CU-ICAR To Host Symposium On Autonomous Vehicles
May 14, 2018 03:19PM
By Kathleen Maris
Automotive experts say today’s smart vehicles are generating upwards of one gigabyte of information every second. So the question is: How do you collect all that data and what do you do with it?
This is at the heart of the inaugural SAE Automated and Connected Vehicle Systems Testing Symposium, which will be held at Clemson University’s International Center for Automotive Research (CU-ICAR) on June 20-21. Representatives from some of the most prestigious and cutting-edge automotive companies will come together to try to answer this and many other questions facing the future of autonomous vehicles. With all 33 major auto companies now having some form of an autonomous vehicle program in place, SAE International and Clemson decided it was about time to host an event like this and bring the industry’s smartest minds together.
Over the two-day symposium, technical experts will discuss ideas and methods to bridge the gap between technologies and products to address the top challenges of automated vehicle use in the public transportation system. This event will dive deeper to address the underlying engineering frameworks, showcase the engineering challenges, discuss systematic choices and how they are made, and the comparative analyses needed to create reliable engineered products. Over the two days, there will be six main sessions on topics ranging from what standards should be adopted industrywide to monetizing vehicle connections, as well as two keynote speakers. There will also be an interactive element open to the media.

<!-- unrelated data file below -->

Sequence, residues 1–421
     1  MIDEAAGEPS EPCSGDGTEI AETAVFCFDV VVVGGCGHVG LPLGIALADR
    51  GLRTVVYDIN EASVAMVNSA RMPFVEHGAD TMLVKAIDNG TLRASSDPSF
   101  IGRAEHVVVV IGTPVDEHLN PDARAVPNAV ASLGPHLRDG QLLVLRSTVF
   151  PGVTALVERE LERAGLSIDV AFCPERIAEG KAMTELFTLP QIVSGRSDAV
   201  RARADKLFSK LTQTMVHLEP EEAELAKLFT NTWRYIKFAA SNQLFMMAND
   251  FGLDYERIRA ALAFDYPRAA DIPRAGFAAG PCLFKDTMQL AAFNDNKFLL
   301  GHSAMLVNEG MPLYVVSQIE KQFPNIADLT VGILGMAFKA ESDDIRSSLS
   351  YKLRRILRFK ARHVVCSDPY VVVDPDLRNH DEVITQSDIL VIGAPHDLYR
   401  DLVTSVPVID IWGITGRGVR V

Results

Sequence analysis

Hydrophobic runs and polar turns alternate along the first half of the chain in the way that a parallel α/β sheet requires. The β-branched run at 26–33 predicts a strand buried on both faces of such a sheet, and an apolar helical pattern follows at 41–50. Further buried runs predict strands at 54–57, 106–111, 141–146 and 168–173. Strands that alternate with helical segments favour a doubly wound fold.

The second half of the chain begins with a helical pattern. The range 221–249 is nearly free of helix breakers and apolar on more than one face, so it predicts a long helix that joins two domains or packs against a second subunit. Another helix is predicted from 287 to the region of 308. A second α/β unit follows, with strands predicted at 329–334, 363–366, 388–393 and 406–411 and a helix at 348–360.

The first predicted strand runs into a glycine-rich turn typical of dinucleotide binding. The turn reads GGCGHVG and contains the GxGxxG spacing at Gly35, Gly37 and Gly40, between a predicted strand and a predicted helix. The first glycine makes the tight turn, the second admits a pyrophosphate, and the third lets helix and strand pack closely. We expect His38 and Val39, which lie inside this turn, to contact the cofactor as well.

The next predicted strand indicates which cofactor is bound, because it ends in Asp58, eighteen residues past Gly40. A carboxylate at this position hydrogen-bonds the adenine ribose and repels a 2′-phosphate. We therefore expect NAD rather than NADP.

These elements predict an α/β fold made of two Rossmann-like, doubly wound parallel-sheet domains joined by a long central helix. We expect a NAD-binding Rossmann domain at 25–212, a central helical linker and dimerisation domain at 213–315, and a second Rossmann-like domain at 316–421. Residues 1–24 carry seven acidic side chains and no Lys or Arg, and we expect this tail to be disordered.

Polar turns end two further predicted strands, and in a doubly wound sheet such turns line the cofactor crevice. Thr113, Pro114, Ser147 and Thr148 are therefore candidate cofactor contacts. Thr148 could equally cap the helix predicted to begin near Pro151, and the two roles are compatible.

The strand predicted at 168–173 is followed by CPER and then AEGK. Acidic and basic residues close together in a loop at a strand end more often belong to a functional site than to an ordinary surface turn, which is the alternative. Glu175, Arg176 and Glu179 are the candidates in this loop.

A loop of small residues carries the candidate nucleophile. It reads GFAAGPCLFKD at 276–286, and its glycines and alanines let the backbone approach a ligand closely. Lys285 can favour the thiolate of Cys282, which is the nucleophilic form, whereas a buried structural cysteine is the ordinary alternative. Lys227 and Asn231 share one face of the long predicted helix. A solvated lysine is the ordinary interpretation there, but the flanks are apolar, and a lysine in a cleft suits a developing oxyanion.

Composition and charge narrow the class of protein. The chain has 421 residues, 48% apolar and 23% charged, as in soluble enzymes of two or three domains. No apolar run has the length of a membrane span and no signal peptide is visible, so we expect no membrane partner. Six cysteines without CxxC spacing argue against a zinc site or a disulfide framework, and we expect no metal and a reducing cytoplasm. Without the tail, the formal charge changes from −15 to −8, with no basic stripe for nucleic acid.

Barry Smith, director of the National Center for Ontological Research (NCOR) and professor of philosophy, biomedical informatics, computer science and engineering, and neurology at SUNY Buffalo, will share some methods used in the biomedical and military fields that might prove useful to the automotive industry.
Thomas A. Dingus, director of the Virginia Tech Transportation Institute, will share some of his research methods, which involve instrumenting vehicles with unobtrusive video cameras and sophisticated instrumentation to assess crash and near-crash data.